- Cables used for the transmitter are twisted-pair, shielded-screen cables (both individual pair shielded and overall shielded), and screens are kept open at the instrument end and connected to an electronic earth pit (screen earth) at the panel end, so that voltage surges induced in the signal cable due to starting heavy electrical equipment is grounded through the screen earth, and there is also no chance of ground loop current
- The transmitter is powered from IGBT-based, industrial grade uninterruptible power supply (UPS).
Please advice me how to take care of the transient protection for four-wire transmitters, such as magnetic flowmeters, ultrasonic level transmitters, radar transmitters, vortex flow meters and mass flow meters where the power supply is 240 VAC, 50Hz from UPS. We get 4-20mA signal output from the 4-wire transmitters.
Checking the catalogs of Yokogawa, Siemens, E&H, Krohne, etc., I found that internal transient protection is not available in them. Considering that these manufacturers do not provide internal transient protection for four-wire transmitters, do you believe that it not suitable for them?
A: The three conditions are necessary to meet the needs of intrinsic safety (IS), but IS is not always used. Transient protection is required to protect against the accidental application of AC line voltage to the signal wires or shields of the instrument cable.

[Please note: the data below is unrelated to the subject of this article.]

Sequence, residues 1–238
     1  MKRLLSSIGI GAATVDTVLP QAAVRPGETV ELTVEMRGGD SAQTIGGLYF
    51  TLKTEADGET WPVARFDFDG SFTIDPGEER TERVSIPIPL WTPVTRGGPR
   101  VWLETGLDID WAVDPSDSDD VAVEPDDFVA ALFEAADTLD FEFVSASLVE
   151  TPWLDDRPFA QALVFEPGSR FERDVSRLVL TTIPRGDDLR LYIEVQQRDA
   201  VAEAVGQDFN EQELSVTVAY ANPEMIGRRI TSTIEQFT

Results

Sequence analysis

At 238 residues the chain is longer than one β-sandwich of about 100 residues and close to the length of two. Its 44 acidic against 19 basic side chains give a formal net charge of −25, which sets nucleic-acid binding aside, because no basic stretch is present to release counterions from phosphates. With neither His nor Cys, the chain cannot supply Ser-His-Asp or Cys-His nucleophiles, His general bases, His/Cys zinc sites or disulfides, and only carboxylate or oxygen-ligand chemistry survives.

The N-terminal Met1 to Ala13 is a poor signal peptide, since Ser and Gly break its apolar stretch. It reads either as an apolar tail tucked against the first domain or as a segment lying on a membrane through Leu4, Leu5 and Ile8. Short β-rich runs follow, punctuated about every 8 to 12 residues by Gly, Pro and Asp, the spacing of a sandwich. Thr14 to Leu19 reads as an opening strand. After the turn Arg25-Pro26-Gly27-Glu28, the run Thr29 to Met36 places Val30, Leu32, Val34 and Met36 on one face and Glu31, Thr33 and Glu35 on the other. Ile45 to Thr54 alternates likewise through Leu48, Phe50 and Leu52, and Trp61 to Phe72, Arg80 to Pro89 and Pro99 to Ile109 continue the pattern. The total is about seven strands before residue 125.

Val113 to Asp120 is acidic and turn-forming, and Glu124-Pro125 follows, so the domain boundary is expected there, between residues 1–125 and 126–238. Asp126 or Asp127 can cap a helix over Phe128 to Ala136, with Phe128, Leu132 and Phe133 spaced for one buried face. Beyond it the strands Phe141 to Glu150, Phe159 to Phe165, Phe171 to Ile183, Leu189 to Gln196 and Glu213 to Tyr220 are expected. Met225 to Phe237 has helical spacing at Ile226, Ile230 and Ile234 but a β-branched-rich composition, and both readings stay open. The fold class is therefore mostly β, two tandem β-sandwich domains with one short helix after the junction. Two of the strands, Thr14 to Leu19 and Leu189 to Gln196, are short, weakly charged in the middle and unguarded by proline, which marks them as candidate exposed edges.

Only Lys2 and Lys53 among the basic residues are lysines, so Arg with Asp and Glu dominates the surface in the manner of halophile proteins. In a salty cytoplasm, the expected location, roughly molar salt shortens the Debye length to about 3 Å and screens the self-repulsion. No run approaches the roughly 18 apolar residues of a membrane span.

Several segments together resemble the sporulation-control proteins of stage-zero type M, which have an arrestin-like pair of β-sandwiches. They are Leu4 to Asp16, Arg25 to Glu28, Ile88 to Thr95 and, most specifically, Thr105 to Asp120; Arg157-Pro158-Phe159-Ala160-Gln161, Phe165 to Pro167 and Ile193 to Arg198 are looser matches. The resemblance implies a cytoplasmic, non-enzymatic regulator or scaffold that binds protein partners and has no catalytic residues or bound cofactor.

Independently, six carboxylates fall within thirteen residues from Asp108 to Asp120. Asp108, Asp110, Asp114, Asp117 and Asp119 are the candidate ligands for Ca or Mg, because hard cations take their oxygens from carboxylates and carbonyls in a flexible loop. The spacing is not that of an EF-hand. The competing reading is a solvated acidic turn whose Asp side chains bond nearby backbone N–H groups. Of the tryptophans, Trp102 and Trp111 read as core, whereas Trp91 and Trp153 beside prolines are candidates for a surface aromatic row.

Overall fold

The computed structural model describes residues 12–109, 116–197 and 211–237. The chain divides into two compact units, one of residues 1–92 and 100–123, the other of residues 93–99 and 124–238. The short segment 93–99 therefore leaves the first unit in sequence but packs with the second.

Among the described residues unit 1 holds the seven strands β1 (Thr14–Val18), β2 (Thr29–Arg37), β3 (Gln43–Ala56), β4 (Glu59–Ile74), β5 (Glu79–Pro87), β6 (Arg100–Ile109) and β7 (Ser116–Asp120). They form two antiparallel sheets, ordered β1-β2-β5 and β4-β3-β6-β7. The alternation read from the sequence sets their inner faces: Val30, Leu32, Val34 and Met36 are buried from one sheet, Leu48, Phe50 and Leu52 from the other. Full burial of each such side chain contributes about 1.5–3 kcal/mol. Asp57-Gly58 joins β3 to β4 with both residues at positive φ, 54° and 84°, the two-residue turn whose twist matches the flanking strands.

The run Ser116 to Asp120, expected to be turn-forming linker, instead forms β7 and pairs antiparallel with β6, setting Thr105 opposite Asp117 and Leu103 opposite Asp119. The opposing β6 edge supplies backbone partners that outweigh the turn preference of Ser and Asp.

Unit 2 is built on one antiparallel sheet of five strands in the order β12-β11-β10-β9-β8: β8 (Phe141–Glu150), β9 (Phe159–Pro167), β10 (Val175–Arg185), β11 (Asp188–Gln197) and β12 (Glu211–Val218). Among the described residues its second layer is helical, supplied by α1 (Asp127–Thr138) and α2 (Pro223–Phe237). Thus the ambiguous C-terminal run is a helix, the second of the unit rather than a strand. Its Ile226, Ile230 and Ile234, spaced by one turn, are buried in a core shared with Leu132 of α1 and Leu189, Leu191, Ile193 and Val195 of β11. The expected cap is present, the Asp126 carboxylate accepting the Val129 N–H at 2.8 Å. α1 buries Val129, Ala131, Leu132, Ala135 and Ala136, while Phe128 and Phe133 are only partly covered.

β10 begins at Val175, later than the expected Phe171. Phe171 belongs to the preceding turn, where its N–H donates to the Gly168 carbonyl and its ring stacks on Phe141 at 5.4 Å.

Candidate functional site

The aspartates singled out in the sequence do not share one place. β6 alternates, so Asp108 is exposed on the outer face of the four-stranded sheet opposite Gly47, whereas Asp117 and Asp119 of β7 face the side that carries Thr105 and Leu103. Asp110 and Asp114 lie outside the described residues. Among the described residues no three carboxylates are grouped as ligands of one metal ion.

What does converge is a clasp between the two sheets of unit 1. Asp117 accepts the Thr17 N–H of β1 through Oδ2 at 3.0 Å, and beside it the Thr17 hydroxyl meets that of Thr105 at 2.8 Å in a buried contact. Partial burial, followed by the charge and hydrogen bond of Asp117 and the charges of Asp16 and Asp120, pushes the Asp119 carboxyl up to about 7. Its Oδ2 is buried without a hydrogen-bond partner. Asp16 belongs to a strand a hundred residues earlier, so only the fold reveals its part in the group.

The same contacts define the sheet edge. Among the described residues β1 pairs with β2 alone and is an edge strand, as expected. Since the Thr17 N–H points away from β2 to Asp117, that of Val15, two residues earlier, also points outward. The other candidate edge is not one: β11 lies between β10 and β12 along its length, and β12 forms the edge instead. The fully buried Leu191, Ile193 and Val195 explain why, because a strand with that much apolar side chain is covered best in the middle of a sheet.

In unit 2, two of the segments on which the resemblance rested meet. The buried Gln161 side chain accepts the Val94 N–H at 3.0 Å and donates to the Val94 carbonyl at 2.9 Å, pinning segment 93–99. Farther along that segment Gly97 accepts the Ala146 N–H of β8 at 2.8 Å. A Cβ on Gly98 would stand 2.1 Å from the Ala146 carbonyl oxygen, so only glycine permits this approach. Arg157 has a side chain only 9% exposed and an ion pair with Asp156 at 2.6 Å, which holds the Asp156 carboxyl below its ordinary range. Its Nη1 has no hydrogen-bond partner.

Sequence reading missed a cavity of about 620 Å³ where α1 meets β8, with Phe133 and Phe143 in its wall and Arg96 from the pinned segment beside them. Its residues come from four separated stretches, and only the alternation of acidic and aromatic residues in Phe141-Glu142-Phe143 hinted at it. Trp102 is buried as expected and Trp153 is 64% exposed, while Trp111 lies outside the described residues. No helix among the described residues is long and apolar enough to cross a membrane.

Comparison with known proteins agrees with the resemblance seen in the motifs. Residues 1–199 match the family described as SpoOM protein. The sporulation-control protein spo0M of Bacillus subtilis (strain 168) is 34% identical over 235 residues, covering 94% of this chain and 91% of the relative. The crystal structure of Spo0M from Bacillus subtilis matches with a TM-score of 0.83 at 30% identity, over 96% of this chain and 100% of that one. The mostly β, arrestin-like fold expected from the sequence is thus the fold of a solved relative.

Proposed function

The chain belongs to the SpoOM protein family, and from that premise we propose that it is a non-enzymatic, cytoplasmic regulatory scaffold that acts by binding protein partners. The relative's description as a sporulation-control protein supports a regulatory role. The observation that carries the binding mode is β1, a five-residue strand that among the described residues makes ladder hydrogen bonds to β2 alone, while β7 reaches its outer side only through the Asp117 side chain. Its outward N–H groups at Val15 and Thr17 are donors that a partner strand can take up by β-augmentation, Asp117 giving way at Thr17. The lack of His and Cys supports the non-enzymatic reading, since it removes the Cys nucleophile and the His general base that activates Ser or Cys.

The purpose of all protection is to keep high energy off the instrument cable. The reason for using IS barriers (even when the field wiring and instrumentation itself meets IS requirements) is that dangerous AC voltages are present in the nominally safe area of the control room or cable marshalling room. Although it is never intended that AC ever be applied to instrumentation cabling, it does happen due to human error. When it does, the IS barrier routes that current to earth/ground.
A: I strongly agree that transient protection is needed. Most of my transmitters were operating at 24 V. I placed 50V metal oxide variable resistors (MOV) at each end of any long or exterior cable runs. On 10-V pressure transducers, I use 15-V MOVs. If there is a lightning strike anywhere near a metal tank or tower, the metal structure will act as an antenna. A voltage spike will couple into any transducer signal or power cables that are run in close proximity to the structure. The lightning does not have to hit the metal structure. Most instrumentation can only handle 10 to 30 volts of common mode signal, so the coupled signal will blow the transducers and maybe the power supply.
The UPS does not help. Note that similar coupling of the electromagnetic pulse from nearby lightning blew out my home computer via the Ethernet cable, even though my computer was on a UPS.